Two weeks ago, we announced the addition of Rachel Sachs to our team in the newly created role of Director of the Israel Office.
Rachel is already a crucial part of our ability to respond effectively. We and members of our Israel and Global Engagement Committee have worked with Rachel in other capacities over the years, and we are delighted that she has joined us full-time on the ground in our partnership region of the Upper Galilee.
As a non-profit executive, Rachel brings over 25 years of experience in strategic planning, content development and program execution in Israel and abroad. Upon moving to Northern Israel, Rachel joined Tel-Hai College, where she served as Vice President for Global Partnerships and Development for nearly a decade.
In this capacity Rachel led the college’s development initiatives and served as liaison to the college’s donors in Israel and abroad. She has also worked closely with individuals and families from North America on their own, unique philanthropic journeys in Israel.
Rachel lives in the partnership region and is already working closely with our partners on the ground and assessing where we can make the greatest impact.
Here's what's happening in our Upper Galilee partnership region:
With troops massed along the Gaza border and poised for a ground offensive, there is a serious concern that when that begins, we will see a second front open in the north. Our partnership region is narrow and most communities are within a few kilometres of Lebanon. There have been small-scale incidents already and tensions are high.
As of yesterday, approximately 300,000 Israelis have been instructed to leave their homes, of which about 60,000 are from the north. Approximately 30 communities in our partnership region have been evacuated, including Kiryat Shmona, Metula, and many kibbutzim and moshavim. People have been dispersed across the country to approximately 200 hotels and kibbutzim.
Rachel is working closely with Meytal Novidomsky-Mazeika, Director of the Coast-to-Coast partnership, and Sarah Mali, Director General, Israel at Jewish Federations of Canada-UIA, to keep up to date with their precarious situations and changing needs.
Hodie Kahn, a member of our Board and chair of our Jewish Day School Council, was in Israel when Hamas attacked and she joined Rachel and Sarah on a mission organized by the Jewish Agency for Israel. We will share more from Hodie later in this message. First, we want to share a summary of what Rachel has sent to us, so you can see how close she is to the organizations and the needs on the ground.
Rachel and the mission participants met with survivors from Kibbutz Kfar Azza, who shared their harrowing accounts of tragedy and survival.
Hearing what they went through, and are still going through, was painful beyond words. Some have family members who have been abducted, some murdered, and all of them have been through hell and have a long road ahead. Their hotel is now referred to as “the shiva complex”, a name that says it all.
They also visited the Brothers in Arms Headquarters in Tel-Aviv.
This has become a central hub of volunteering activities in a myriad of realms, and they have received a lot of attention for all they do, including in The Times of Israel. They are doing massive work throughout the country, on every level possible, from shampoo to washing machines to tech teams assisting the efforts to locate those missing. (More on this organization from Hodie in a moment).
Rachel then traveled to Southern Israel.
She visited the Revivim Cemetery, where members of Kibbutz Beeri are being buried temporarily. Funerals take place throughout the day, and some in the night. It is heartbreaking. Also visible are the many army units that are training in the area.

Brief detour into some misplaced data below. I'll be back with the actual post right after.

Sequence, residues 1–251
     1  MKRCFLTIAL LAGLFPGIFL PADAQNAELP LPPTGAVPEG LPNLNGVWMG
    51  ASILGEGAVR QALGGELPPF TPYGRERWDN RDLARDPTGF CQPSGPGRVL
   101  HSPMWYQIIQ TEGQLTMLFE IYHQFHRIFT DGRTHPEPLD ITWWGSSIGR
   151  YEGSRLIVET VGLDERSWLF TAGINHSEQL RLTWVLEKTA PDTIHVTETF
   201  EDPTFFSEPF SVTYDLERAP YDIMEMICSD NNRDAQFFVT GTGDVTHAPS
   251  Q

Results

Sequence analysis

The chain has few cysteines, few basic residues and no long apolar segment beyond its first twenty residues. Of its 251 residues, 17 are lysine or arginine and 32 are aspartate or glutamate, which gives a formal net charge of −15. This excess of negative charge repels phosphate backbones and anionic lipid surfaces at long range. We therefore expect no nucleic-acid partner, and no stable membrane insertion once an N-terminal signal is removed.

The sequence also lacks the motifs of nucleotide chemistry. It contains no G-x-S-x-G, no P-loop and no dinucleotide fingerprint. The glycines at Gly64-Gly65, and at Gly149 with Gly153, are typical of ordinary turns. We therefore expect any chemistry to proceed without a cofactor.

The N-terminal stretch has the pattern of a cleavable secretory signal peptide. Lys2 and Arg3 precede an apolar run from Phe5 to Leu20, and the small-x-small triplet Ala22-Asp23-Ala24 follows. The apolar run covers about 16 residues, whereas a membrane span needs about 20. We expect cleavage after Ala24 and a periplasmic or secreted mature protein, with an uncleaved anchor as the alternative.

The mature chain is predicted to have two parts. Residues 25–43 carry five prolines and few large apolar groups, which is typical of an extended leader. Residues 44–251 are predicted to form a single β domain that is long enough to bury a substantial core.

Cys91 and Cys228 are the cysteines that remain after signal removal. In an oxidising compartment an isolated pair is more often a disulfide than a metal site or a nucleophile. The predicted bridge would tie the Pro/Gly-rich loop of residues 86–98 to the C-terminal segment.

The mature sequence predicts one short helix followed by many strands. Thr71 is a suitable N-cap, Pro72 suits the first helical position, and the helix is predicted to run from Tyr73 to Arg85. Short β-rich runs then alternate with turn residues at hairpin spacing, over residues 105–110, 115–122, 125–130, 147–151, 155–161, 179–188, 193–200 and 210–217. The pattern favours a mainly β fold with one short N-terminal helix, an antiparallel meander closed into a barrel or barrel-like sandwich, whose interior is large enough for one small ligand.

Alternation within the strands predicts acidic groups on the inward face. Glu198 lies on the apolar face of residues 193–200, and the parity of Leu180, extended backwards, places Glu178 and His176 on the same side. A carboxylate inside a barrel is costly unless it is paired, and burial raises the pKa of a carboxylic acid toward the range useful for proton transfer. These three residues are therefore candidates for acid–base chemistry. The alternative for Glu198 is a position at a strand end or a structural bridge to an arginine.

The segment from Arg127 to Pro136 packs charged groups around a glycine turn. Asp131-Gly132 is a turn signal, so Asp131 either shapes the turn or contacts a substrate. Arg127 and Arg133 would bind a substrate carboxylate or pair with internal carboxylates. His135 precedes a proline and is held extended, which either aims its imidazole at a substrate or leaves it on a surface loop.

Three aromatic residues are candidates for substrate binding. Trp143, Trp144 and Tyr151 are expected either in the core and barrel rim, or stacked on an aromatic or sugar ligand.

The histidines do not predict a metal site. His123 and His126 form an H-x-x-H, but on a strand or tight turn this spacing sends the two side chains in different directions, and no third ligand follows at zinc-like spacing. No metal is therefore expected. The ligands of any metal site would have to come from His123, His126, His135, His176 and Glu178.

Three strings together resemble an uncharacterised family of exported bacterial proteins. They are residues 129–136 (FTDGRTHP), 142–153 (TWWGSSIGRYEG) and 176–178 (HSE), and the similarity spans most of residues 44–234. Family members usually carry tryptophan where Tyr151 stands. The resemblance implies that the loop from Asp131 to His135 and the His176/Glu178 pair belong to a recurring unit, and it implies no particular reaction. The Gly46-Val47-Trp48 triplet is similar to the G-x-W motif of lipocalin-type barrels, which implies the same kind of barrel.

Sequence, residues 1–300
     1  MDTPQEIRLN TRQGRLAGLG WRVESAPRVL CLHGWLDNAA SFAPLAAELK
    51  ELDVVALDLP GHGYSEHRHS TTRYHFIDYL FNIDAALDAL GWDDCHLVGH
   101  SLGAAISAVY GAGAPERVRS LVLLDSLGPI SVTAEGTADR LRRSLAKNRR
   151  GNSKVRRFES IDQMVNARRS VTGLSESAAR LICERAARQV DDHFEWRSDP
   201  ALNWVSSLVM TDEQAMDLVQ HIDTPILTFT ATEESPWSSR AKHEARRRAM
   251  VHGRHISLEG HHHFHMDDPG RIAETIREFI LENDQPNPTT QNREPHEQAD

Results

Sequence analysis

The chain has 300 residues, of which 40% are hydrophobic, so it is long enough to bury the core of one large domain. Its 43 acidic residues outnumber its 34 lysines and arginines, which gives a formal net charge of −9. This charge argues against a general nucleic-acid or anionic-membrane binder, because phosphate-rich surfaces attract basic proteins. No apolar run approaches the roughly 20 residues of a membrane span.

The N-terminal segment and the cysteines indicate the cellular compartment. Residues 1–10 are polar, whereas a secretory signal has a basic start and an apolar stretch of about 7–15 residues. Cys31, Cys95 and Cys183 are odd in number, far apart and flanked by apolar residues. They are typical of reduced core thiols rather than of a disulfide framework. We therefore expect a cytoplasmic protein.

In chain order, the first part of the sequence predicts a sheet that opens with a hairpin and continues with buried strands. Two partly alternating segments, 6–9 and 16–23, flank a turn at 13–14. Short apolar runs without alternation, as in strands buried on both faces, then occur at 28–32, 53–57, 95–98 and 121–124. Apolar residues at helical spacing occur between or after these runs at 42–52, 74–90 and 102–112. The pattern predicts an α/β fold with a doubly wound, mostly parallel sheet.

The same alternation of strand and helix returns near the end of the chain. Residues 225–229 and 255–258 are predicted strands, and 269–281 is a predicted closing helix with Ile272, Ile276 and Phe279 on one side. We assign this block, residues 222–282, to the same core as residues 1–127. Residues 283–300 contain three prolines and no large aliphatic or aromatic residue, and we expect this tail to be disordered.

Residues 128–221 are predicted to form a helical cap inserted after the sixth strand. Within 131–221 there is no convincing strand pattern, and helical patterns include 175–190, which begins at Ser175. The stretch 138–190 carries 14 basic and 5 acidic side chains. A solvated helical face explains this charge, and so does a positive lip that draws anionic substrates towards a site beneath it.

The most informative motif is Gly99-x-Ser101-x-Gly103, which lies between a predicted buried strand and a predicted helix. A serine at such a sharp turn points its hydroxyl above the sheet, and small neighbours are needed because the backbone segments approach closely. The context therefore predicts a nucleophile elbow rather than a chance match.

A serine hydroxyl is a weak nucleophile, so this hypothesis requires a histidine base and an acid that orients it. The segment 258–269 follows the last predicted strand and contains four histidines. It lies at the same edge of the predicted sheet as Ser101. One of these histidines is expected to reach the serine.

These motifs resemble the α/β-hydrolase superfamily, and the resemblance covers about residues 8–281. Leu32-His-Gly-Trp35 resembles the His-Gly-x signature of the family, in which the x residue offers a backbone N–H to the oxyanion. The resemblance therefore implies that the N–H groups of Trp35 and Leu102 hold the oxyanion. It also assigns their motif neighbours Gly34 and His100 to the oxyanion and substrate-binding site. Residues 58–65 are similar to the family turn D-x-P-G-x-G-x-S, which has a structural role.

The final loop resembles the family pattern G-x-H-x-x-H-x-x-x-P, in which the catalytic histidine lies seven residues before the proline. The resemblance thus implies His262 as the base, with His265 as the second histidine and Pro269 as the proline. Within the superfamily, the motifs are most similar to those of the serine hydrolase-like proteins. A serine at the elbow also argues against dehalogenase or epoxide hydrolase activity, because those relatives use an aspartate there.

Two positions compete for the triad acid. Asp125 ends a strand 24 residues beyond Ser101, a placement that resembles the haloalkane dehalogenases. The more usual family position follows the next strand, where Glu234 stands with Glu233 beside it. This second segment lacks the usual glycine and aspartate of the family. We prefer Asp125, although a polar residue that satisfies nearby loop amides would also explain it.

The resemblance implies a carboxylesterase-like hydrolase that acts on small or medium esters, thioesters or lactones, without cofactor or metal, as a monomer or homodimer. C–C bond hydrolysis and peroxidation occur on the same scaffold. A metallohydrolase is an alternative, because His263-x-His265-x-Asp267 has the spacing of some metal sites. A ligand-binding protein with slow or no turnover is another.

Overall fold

Rachel also met with the mayor of the Ramat Negev Regional Council and his team, visited with evacuees from Kibbutz Erez, the director of the Sde-Boker field school in Midreshet Ben Gurion, and individuals who have taken on volunteer duties in support of the evacuated communities that are in their midst. Impromptu schools have been set up overnight, along with a myriad of activities and support facilities across the region.
She reported finding this multi-layered support – regional council, local communities, and individuals – coming together to host and support the evacuees in their midst, an inspiring version of the wide-scale mutual support and aid that is taking place throughout Israel.
As the mayor of Ramat Negev, Eran Doron, said to her, “We are focusing on doing the right thing, and doing things right. And that is helping our brothers and sisters who need shelter, food, security, and support.” Rachel said that the multi-layered “we” in this case, was a boost of morale for her, reminding her of Israeli resilience and arvut hadadit (mutual responsibility for one another).
I want to thank Rachel for the great work she is doing and for traveling throughout the country to keep her finger on the pulse of the needs.
Now, I want to say turn it over to Hodie and thank her for sharing her experiences in her own words. And her words are powerful. So powerful, that we are not going write a closing paragraph to this message. Today, the last word goes to Hodie, and you'll see why.
I am not sure if being in Israel now is a) being in the wrong place at the wrong time, b) being in wrong place at the right time, or c) being in the right place at the wrong time. Last Sunday, I confirmed what I knew in my heart. It is none of these choices. It is d) being in the right place at the right time.
I am in Israel now because I need to be the bearer of the stories of the survivors and victims of the Holocaust of 2023.
I am here to be an eyewitness to what is happening in the aftermath of the unspeakable assault on our people. To share in what it means to be part of our Jewish homeland, and to witness our strength. We have come together in defiance and unity. Yes, we are broken. But we are not defeated. Those who lived through October 7 are proof. They lived through hell. Some are still going through it. I owe it to them to be here. I owe it to them to honour them by sharing their stories of resilience, strength and survival.